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Rep. Lomax: State House is the ‘people’s house’

It was reported this week that the state is considering building a State House on a 2.5-acre site in Montgomery. Some lawmakers believe it would cost less for new building than it would be to renovate the current one.

Recent assessments by the Alabama Department of Finance estimate it would cost more than $70 million to renovate the location that houses Alabama’s legislative branch of government.

Recently on WVNN’s “The Dale Jackson Show,” State Rep. James Lomax (R-Huntsville) said a new State House would better serve the interests of the Legislature and Alabamians.

“It’s in disrepair, it’s not accessible to the public, it’s really not truly the people’s house and it was never designed to be, initially,” Lomax said. “You can hear where I stand on it based on that. I think there needs to be a new one.”

The Huntsville lawmaker said the poor conditions of the building are likely making lawmakers and visitors ill.

“What I can say is here in about 30 years you’re probably going to see ads similar to a billboard attorney saying ‘did you work in the State House 30 years ago? You may be owed compensation’,” he said. “Because I wouldn’t be surprised if there’s cases of mesothelioma coming out of that State House.”

Lomax thinks his colleagues in the legislature will need to do a good job explaining the issue to Alabamians in order to get public support for a new building.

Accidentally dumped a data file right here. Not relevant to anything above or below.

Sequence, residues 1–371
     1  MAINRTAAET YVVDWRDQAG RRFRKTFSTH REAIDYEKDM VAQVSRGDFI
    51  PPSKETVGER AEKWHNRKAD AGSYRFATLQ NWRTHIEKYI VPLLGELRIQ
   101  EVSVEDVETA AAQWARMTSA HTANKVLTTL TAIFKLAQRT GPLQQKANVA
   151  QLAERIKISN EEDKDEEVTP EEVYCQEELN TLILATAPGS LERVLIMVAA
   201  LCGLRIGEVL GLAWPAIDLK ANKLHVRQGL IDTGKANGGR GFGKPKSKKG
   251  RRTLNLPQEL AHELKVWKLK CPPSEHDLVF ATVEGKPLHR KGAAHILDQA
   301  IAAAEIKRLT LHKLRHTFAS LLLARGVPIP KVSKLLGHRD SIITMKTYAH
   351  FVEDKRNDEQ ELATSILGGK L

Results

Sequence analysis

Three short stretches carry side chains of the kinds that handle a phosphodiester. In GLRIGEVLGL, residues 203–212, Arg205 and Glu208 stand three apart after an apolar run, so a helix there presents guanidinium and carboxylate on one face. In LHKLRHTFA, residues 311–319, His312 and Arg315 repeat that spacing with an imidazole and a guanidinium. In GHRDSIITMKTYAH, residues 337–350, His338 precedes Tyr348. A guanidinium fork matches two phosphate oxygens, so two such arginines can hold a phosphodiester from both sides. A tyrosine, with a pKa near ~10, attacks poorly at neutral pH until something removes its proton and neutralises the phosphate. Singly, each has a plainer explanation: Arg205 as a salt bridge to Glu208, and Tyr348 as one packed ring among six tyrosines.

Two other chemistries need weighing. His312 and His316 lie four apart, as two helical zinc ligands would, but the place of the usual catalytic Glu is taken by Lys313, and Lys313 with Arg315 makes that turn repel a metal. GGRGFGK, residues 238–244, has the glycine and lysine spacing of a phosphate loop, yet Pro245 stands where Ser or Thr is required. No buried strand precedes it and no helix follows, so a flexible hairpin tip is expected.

“Yes, I hope they explain it to the public properly,” he said. “Because, if I’m sitting in the taxpayers’ shoes, I’m saying ‘is this where we want to spend our money?’ But it really is the people’s house. It’s not just for the legislators. It is so that the general public can get in there, they can be a part of the political process.”

He said a new State House would support allowing more Alabamians to visit the Legislature and contribute to the process of government.

“We have some committee rooms that wouldn’t fit more than 30 people, if we had a public hearing for instance,” he said. “And you know, on contentious large issues, you want to be able to have as many members of the public be a part of that process as possible.”

Senate Bill 222, which was approved Tuesday by the Senate, would give the Legislature complete control over city property right behind the current State House.

Yaffee is a contributing writer to Yellowhammer News and hosts “The Yaffee Program” weekdays 9-11 a.m. on WVNN. You can follow him on Twitter @Yaffee

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